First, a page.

The Hunt

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THE HUNT is one of the best contemporary movies! Just perfect! I’m speechless! There is nothing better than these 115 minutes to understand how human memory works and how most of us is ignorant about it! Memory is malleable and every time that we remember, we modified it! Memory could never be used in the court because memory is never an evidence! Thomas Vinterberg goes much further and focuses on human mediocrity and the panic  that humans have against facing reality… generating a savage violence and ostracizing a suspect that claims to be innocent! A mandatory film for anyone wishing to be minimally coherent! First, for parents who do not want to create monsters, and for all the others to learning how to never be vulnerable as the character in the film, Lucas (Mads Mikkelsen). Necessary task especially for those who are always ready to believe in the sweet and naive words of a child – confused and troubled by the visual and noise pollution we live in. THE HUNT is a watershed in my life!

Review written by Stephen Holden for The New York Times:

“”The life of Lucas, a much-loved teacher in a Danish hunting village, begins to come apart when Theo’s young daughter, Klara (Annika Wedderkopp), vaguely intimates to her teacher, Grethe (Susse Wold), that Lucas exposed himself to her. What the little girl has seen and quickly forgotten is a glimpse of pornographic imagery on an older brother’s iPad that in her mind has become confused with Lucas, on whom she has an innocent crush.

Even though Klara takes back an incriminating description that is coaxed out of her, the adults won’t let it drop. And before long, other children, responding to grown-up suggestions, help build a case against Lucas as a predator who lured children into his home’s nonexistent basement. Lucas is not jailed after a court inquiry, but villagers are still convinced of his guilt, and his life is in danger.

“The Hunt” is a merciless examination of the fear and savagery roiling just below the surface of bourgeois life. Because the film is set in a community of hard-drinking deer hunters, its comparisons of humans to the creatures they stalk run deep. An early scene of rowdy woodsmen drinking themselves insensate seethes with an undercurrent of potentially explosive violence.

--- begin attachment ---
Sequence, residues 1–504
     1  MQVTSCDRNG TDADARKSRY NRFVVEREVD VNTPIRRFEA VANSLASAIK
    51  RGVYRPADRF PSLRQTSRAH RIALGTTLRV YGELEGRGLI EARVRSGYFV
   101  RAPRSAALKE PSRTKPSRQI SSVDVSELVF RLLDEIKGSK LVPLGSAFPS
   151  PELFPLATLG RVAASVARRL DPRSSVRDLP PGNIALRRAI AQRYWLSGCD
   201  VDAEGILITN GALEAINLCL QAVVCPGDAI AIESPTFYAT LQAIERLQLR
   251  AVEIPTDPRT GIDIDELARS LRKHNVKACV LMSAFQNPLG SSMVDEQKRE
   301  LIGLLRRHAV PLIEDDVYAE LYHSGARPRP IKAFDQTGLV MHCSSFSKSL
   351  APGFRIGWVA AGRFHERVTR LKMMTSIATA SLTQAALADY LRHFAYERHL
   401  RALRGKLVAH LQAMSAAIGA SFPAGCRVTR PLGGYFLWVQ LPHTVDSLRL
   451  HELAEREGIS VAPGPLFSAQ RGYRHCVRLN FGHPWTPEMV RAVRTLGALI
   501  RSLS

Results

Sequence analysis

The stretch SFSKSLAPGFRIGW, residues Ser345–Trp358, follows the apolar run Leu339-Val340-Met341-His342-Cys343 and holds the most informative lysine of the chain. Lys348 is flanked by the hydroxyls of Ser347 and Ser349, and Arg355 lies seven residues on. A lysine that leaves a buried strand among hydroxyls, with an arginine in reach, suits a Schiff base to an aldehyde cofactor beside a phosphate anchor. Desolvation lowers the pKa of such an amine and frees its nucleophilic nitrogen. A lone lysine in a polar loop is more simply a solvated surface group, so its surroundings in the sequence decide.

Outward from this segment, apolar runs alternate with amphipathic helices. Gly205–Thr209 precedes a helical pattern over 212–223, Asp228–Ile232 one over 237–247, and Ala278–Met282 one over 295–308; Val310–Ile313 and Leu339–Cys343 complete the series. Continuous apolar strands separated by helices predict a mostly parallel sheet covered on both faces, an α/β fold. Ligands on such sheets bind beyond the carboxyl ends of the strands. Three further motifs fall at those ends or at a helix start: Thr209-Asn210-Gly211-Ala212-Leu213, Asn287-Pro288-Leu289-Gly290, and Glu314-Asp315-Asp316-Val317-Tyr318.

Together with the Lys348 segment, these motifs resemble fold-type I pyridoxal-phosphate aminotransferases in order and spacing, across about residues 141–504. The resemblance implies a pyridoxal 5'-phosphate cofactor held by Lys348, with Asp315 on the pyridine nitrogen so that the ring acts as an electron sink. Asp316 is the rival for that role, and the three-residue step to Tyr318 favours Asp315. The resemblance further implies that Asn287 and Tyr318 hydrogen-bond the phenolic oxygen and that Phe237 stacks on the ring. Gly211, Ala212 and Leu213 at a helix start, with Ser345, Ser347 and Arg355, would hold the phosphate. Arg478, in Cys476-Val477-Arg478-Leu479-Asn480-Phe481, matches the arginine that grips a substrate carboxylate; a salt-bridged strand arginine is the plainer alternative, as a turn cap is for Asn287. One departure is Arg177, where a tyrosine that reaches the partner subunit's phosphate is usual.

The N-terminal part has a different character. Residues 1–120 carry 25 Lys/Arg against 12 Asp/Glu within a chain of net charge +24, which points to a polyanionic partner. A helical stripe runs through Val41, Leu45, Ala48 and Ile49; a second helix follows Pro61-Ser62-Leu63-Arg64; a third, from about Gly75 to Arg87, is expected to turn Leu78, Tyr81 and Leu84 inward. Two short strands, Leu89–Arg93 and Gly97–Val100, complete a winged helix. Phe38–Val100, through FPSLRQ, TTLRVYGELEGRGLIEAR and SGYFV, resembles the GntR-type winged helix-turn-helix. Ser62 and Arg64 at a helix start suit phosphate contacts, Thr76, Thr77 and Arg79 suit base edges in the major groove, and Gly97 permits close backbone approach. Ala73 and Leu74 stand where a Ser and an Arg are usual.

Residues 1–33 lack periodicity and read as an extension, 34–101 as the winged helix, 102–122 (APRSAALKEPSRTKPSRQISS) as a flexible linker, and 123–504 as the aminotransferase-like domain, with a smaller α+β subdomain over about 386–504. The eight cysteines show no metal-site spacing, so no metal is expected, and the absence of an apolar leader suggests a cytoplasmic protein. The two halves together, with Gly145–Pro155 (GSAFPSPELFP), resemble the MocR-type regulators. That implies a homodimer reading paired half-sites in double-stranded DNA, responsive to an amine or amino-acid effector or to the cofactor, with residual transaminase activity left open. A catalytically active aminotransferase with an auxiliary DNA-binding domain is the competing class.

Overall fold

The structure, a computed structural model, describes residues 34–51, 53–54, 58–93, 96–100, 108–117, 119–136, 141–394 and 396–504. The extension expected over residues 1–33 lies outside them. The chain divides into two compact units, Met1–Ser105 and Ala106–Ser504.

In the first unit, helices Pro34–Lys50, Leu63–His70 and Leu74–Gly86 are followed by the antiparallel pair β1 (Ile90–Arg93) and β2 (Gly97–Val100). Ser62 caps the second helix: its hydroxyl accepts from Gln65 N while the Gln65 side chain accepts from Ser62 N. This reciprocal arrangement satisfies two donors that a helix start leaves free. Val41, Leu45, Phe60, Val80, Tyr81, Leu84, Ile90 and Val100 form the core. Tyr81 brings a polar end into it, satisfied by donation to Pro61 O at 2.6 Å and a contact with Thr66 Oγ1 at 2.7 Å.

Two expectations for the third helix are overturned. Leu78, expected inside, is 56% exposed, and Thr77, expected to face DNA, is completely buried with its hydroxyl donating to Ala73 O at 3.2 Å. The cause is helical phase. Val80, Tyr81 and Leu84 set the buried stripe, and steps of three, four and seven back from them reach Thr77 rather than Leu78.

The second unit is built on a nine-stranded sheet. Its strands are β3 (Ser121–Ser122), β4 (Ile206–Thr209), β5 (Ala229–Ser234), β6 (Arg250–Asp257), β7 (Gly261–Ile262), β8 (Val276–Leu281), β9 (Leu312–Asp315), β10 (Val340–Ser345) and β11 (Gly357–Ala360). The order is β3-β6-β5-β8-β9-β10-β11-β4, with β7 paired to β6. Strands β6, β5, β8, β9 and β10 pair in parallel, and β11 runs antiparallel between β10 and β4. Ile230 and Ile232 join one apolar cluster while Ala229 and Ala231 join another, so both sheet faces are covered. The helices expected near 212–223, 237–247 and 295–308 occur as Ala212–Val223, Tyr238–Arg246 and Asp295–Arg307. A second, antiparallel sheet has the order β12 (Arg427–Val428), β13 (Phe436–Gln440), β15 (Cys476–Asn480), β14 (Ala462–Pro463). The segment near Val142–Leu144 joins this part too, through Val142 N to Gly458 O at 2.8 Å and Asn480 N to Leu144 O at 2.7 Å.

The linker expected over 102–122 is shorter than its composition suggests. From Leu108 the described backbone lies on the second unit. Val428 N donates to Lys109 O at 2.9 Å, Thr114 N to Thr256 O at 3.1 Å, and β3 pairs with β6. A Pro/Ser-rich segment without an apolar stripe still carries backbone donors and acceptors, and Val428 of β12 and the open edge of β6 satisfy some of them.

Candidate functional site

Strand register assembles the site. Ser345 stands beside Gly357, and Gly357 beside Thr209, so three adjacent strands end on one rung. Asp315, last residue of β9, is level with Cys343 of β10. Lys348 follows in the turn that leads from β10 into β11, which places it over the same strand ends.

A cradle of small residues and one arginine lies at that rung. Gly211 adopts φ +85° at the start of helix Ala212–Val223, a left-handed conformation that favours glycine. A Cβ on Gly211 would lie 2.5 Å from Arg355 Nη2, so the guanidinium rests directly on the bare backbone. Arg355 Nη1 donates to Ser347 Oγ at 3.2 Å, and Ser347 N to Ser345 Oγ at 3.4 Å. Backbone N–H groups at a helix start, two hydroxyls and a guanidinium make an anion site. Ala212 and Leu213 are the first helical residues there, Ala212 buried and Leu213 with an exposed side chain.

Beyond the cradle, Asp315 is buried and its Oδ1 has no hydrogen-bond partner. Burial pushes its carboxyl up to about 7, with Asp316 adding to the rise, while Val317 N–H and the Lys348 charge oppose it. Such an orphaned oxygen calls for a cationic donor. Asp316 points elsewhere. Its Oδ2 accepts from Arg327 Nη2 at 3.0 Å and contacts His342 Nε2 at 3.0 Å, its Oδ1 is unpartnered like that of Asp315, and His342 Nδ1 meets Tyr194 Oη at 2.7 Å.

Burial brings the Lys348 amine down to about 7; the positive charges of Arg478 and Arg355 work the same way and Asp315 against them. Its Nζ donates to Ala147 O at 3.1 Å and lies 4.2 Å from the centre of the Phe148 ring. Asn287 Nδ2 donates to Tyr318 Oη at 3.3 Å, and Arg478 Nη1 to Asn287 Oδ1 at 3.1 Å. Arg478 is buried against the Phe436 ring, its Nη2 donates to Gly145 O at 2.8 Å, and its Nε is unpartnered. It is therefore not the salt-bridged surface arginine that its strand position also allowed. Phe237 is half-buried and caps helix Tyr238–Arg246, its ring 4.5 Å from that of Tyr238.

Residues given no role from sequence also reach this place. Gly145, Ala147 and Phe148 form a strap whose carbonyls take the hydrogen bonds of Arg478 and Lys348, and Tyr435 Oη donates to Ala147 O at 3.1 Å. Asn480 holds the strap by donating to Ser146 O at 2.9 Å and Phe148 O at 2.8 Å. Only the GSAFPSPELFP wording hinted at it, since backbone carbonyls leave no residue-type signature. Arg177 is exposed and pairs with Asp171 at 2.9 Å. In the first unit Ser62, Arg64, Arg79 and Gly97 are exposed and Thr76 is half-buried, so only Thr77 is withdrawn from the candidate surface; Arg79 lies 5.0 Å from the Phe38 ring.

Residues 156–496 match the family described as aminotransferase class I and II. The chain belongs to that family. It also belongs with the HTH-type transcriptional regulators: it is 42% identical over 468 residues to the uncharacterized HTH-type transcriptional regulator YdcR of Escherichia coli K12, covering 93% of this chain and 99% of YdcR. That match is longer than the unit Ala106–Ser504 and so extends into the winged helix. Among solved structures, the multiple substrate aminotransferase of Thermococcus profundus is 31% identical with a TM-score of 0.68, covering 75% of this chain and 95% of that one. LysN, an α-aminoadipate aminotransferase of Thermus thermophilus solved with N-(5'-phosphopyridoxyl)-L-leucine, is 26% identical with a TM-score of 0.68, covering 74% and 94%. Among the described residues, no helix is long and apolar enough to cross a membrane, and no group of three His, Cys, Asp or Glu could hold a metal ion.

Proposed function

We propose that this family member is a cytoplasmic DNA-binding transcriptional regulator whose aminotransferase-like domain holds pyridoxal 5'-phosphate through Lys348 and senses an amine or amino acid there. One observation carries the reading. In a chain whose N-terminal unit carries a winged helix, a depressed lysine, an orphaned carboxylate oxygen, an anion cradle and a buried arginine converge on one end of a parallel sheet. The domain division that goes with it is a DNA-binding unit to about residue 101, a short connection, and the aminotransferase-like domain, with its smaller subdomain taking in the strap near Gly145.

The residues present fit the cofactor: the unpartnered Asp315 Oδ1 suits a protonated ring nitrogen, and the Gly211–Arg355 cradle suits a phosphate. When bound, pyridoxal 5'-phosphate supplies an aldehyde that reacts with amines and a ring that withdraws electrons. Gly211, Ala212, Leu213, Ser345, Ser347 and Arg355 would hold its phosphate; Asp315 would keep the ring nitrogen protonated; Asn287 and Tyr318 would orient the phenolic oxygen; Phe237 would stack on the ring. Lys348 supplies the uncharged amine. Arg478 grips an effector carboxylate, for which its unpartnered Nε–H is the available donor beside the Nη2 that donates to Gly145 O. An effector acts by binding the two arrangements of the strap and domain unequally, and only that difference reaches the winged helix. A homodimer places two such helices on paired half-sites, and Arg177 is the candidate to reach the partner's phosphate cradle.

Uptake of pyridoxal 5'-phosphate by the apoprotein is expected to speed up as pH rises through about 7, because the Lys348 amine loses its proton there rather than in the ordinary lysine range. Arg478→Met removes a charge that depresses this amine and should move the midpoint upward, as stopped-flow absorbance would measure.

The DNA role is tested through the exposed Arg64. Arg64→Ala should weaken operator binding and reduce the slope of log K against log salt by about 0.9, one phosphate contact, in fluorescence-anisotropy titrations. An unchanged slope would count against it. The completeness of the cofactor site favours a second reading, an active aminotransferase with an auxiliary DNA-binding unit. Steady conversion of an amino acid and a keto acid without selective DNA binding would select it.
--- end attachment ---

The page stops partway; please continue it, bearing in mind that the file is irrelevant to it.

The nightmare appears to come out of the blue. Lucas, who is recovering from a bitter divorce, has a new girlfriend (Alexandra Rapaport), whom he furiously kicks out of the house when she voices a tinge of uncertainty about his innocence. Instead of cowering in terror, Lucas confronts his accusers and fights back. But an irrational mob mentality has seized the village. Lucas becomes a pariah, expelled from civilized society, reviled by neighbors who throw rocks through his windows and prevent him from shopping in stores. When his teenage son, Marcus (Lasse Fogelstrom), stands up for him, the boy is attacked.

An unspoken question addressed by the movie is why adults so readily believe the words of confused young children. The self-righteousness of those eager to believe the worst is as galling as it is believable. The movie suggests that the solidarity of the village’s condemnation is a measure of individual uncertainty. It’s a matter of finding safety in numbers.

Very pointedly, the story is set in the months leading up to Christmas. The contrast between the villagers’ fear and hatred and the lofty spiritual ethos in the season of lights infuses “The Hunt” with an extra chill. The Christmas scenes bring to mind Ingmar Bergman’s Fanny and Alexander, in which wondrous enchantment collides with demonic religiosity.””

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